DEPUTY SNIFFS OUT CRIME

York-Po­qu­o­son Sher­iff’s Of­fice’s new K-9 of­fi­cer is their first since 2000

Daily Press - - Front Page - By Matt Jones Staff writer

Deputy Brett Shultz pulled out a small pocket knife and tossed it high into the air. It landed about 30 feet away, deep in grass.

He said a com­mand in Ger­man to his ca­nine part­ner, who im­me­di­ately started track­ing the faint hu­man scent left be­hind on the knife. The dog pulled Shultz over to where the knife had landed within a few sec­onds and laid down with it be­tween his front paws.

“He’s got a lot of drive, and he just wants to work. You can’t ask for bet­ter,” Schultz said.

Saber, a 1 ½-year-old Ger­man shep­herd born in Cze­choslo­vakia, is the York-Po­qu­o­son Sher­iff’s Of­fice’s new K-9 of­fi­cer.

He’s a mul­ti­pur­pose po­lice dog, trained in track­ing and nar­cotics de­tec­tion. He’s also the first K-9 the sher­iff’s of­fice has had since 2000.

Ac­cord­ing to Capt. David Barke, who leads the pa­trol divi­sion, deputies have had to rely on nearby agen­cies for help when they needed a dog for track­ing, un­til now.

“Now, it was just time to get our own dog. That way we wouldn’t be a bur­den on (other agen­cies) and maybe help them in the fu­ture, you know, when they need dogs,” Barke said.

Schultz and Barke trav­eled to Tarheel Ca­nine Train­ing in San­ford, N.C., last May to find a dog, nar­row­ing their choices down to two after watch­ing all the avail­able dogs give demos, track­ing down their toys.

They de­cided on Saber par­tially be­cause of his breed. They knew that they wanted a dog with good track­ing abil­i­ties that could sniff out sus­pects and miss­ing peo­ple. Ger­man shep­herds like Saber can sniff out a hu­man scent quickly, although they can’t al­ways dif­fer­en­ti­ate be­tween in­di­vid­u­als like a blood­hound might, Barke said.

But they can be eas­ily trained to do more than track­ing, un­like a blood­hound. Saber is trained in de­tect­ing nar­cotics. He also had the right per­son­al­ity.

“When we were down there,

some of the dogs were really ag­gres­sive. Some were really pas­sive,” Barke said. “He just seemed to have the right tem­per­a­ment, right down the mid­dle, that we were look­ing for.”

Saber, the name that Schultz picked out for his new part­ner, spent the next five months at Tarheel Ca­nine learn­ing the ba­sics of po­lice work.

In Novem­ber, Schultz trav­eled back to San­ford. He spent four weeks liv­ing with Saber in a ho­tel room and train­ing with him for hours each day along­side an­other han­dler from an­other agency who was get­ting ac­quainted with their dog.

Schultz grew up with dogs and has other pets, but train­ing with a po­lice dog was a new ex­pe­ri­ence that he said taught him a lot.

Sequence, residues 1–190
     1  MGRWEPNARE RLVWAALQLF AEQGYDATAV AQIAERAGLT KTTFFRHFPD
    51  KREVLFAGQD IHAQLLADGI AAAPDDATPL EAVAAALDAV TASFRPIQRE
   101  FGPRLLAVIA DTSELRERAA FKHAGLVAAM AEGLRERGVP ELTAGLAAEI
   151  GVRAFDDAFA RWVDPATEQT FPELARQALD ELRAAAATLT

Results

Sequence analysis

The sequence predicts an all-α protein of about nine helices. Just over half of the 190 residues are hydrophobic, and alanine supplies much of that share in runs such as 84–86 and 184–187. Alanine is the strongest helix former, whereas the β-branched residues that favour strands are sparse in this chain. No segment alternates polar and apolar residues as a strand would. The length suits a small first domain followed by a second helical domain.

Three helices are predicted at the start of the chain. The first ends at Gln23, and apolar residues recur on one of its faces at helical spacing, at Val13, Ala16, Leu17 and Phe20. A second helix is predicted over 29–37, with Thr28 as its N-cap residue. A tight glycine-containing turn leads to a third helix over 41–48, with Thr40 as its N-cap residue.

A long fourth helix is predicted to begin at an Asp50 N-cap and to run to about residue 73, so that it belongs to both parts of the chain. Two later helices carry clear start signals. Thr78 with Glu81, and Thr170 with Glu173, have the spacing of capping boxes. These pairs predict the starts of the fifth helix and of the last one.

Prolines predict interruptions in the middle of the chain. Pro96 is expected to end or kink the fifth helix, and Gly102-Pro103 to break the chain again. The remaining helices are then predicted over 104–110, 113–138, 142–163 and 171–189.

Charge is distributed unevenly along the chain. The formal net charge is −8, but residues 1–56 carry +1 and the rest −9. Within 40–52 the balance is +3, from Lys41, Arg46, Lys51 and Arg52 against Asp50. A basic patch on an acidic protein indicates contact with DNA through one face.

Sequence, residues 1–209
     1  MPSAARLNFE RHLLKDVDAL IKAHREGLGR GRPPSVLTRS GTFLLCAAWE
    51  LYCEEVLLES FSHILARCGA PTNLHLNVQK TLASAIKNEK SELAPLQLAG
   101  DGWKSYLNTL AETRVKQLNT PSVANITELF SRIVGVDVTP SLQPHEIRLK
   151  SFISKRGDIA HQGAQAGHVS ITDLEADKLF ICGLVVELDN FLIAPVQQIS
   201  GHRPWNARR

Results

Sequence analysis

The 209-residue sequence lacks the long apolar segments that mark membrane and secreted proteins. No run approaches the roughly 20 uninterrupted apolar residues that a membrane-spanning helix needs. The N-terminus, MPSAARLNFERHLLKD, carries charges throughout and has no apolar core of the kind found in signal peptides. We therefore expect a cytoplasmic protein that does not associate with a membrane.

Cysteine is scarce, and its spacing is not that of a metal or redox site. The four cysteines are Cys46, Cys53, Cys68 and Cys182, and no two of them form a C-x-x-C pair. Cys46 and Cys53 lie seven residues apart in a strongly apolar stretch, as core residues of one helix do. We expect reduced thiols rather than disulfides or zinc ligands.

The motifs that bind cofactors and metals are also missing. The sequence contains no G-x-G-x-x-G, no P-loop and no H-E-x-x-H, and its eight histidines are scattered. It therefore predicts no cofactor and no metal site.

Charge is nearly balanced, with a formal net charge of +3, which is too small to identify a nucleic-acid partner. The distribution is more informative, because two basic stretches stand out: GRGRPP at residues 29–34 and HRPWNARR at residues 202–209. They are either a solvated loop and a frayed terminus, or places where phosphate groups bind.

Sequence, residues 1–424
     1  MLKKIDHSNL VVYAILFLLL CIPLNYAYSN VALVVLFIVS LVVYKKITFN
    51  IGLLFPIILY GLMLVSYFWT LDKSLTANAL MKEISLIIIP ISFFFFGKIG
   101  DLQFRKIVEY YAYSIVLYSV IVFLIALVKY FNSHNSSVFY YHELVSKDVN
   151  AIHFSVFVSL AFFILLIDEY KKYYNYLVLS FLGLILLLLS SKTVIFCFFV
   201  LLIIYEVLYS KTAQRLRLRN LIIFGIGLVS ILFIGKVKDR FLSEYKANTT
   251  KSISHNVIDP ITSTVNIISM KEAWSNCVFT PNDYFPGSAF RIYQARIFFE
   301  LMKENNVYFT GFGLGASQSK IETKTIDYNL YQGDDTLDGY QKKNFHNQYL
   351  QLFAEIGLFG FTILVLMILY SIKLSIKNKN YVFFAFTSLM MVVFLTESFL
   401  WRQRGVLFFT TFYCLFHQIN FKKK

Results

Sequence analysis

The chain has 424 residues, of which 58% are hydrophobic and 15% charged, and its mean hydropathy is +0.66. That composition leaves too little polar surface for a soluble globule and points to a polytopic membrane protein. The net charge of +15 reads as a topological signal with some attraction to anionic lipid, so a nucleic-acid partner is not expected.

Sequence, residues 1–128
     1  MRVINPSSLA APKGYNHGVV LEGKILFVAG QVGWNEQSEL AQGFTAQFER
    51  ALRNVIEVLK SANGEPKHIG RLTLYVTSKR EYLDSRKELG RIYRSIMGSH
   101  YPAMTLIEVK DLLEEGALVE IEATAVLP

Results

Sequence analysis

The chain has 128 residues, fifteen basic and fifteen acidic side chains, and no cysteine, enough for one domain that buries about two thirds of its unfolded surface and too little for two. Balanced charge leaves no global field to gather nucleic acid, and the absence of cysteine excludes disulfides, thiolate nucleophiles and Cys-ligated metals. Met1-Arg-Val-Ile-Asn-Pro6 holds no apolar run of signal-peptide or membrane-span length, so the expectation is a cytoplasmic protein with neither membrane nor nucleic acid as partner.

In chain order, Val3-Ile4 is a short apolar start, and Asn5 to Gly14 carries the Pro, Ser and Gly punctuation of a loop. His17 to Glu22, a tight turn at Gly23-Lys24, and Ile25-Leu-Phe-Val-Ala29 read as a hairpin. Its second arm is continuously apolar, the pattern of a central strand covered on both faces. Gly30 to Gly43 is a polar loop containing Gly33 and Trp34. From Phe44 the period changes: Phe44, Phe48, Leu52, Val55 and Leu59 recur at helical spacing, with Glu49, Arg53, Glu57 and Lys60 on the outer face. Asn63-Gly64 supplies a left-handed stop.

While they were liv­ing to­gether in the ho­tel, Saber would some­times jump up on the counter while Schultz was brush­ing his teeth. But Schultz didn’t want to yell at him for that so he wouldn’t hes­i­tate to get on coun­ters while on the job.

“It’s not a bad thing for him to do that, so you’ve got you to be wary of what you dis­ci­pline and the cor­rect way,” Schultz said.

There were other prepa­ra­tions to be made, too, in­clud­ing a new car for Schultz with a heat alarm to pro­tect Saber in the sum­mer and a re­mote that al­lows Schultz to let Saber out while away from the car.

Saber hit the streets on Dec. 4. Since then, Schultz said, they’ve re­sponded to drug calls and helped track sus­pects.

The sher­iff’s of­fice hopes to bring Saber out to more com­mu­nity events more as the year goes on. Saber’s train­ing is con­tin­u­ing; Schultz does some kind of ex­er­cise with him ev­ery day, some­times join­ing other lo­cal po­lice dogs.

They re­cently prac­ticed stay­ing calm around gun­fire, and Saber did very well, Schultz said.

Over­all, he has been im­pressed with Saber’s quiet de­meanor and ded­i­ca­tion to his job.

“When it’s time to go to work and I walk out in the uni­form and we go out­side, he heads straight for that door on that side of the truck,” Schultz said.

JOHN SUDBRINK/STAFF

York County Deputy and K-9 han­dler Brett Schultz and his K-9, Saber, of the York-Po­qu­o­son County Sher­iff’s Of­fice work in a sim­u­lated drill in York County on Wednes­day.

JOHN SUDBRINK/STAFF

York-Po­qu­o­son County Sher­iff ’s of­fice K-9, Saber, works the arm bite in a sim­u­lated drill at the York-Po­qu­o­son County Sher­iffs Of­fice in York County.

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